# Compute the area under the curve

1. Dec 26, 2009

### (@apache@)

1. The problem statement, all variables and given/known data
Hi everyone,
can you give me some hint to solve this? please

Compute the area under the curve:

2. Relevant equations
$$(x^3+y^3)^2=x^2+y^2$$

3. The attempt at a solution
I've been trying to transform it into polar coordinates, but I've finished when I get the equation for the radius:
$$r^2=1/((\cos(\theta))^3+(\sin(\theta))^3)$$,
because then I get the integral which should not be easily integrated (of course I've compute with Jacobian)

thanks for yout attention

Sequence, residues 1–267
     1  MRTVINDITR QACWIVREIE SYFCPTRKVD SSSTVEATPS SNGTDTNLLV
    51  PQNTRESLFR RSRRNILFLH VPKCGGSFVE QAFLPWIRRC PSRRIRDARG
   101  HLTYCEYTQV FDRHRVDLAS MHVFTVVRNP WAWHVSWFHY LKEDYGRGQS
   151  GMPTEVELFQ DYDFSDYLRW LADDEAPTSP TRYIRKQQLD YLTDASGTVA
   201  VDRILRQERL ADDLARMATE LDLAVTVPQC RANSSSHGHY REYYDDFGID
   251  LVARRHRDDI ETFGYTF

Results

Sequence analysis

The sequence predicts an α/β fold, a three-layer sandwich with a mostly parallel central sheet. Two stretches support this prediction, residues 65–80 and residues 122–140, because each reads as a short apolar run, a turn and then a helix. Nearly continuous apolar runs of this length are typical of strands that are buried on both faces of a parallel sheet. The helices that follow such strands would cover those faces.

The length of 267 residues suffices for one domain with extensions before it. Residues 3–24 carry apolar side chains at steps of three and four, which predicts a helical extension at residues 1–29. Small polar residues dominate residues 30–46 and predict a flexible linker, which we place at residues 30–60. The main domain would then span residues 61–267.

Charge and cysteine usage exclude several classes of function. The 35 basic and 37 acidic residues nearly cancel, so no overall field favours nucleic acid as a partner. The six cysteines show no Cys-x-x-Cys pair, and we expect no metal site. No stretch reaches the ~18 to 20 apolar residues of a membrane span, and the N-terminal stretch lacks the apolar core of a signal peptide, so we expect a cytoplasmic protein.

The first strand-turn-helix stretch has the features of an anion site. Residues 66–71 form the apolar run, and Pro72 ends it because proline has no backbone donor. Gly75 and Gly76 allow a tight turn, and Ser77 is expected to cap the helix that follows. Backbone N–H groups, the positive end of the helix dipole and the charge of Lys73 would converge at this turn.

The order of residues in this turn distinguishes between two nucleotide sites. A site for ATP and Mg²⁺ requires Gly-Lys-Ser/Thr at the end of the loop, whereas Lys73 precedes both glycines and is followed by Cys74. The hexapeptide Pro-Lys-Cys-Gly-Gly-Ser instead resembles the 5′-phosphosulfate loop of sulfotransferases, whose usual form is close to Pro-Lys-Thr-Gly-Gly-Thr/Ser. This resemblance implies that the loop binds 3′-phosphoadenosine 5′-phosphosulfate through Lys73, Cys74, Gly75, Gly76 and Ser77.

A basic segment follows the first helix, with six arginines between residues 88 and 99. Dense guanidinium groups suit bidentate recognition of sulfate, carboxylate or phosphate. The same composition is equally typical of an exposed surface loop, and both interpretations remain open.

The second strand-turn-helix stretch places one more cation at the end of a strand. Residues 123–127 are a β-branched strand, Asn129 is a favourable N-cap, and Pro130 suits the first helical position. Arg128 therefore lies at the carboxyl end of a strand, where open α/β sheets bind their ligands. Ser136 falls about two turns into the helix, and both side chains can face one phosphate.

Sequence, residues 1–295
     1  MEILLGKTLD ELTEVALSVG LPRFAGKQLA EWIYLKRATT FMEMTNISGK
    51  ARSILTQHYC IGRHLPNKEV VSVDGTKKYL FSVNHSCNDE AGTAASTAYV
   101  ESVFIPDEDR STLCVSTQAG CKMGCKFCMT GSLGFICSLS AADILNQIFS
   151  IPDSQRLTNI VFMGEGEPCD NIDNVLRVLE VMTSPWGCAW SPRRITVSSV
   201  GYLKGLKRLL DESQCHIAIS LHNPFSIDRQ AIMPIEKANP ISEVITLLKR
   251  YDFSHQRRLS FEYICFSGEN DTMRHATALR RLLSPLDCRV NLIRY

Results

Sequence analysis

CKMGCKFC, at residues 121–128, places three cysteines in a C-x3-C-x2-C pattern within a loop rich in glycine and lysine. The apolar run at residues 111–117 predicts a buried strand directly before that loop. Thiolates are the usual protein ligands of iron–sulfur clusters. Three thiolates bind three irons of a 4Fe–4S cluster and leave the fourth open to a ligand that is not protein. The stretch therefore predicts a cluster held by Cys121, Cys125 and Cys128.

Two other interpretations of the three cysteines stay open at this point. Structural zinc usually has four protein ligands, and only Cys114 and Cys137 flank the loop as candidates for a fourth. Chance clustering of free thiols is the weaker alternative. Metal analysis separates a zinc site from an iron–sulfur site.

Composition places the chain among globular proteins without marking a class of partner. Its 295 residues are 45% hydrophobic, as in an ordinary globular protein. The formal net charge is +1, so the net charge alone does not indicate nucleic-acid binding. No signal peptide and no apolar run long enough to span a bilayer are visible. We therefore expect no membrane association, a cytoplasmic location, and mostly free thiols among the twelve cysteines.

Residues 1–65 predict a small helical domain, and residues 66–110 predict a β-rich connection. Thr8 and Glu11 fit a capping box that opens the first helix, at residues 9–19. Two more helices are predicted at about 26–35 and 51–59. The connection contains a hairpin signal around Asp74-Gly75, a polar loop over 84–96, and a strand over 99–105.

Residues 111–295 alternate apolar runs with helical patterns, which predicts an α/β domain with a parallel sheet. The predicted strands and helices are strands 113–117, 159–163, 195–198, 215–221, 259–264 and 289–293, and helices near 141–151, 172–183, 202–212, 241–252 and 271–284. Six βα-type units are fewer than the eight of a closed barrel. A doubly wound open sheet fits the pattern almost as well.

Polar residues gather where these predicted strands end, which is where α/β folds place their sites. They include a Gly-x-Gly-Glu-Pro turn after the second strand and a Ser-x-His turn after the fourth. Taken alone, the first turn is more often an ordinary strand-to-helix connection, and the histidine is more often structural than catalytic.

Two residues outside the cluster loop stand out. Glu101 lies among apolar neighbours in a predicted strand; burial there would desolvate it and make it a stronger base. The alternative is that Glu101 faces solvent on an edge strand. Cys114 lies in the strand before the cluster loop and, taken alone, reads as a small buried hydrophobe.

2. Dec 27, 2009

### LCKurtz

Re: Area

Have you looked at the graph? It isn't even clear what region the "area under the curve" describes.

3. Dec 28, 2009

### (@apache@)

Re: Area

I am sorry, I forgot add this condition: $$x>0, y>0$$, so then I will get the integral in this case:
$$\int\limits_{0}^{\pi/2}(\int\limits_{0}^{\frac{1}{\sqrt{\cos^3\alpha+\sin^3\alpha}}}r\,dr)\,d\alpha$$,
which results to $$1/3 (\pi+2 \sqrt{2} \tanh^{-1}(1/\sqrt{2}))$$, but it's little bit different form the correct result which is $$\frac{\pi}{6}+\frac{\sqrt{2}}{3}\ln(1+\sqrt{2})$$

4. Dec 28, 2009

### LCKurtz

Re: Area

Your integral looks OK but your answer is off by a factor of 1/2. You probably dropped it somewhere in the calculation.

5. Dec 28, 2009

### (@apache@)

Re: Area

Yes, you're right. l forget 1/2 in front of integral, then the results are same:
1.8781645380502384306795745680939249649333168829204582775232678988974988081580885734995703727615411934.
Thanks for your time.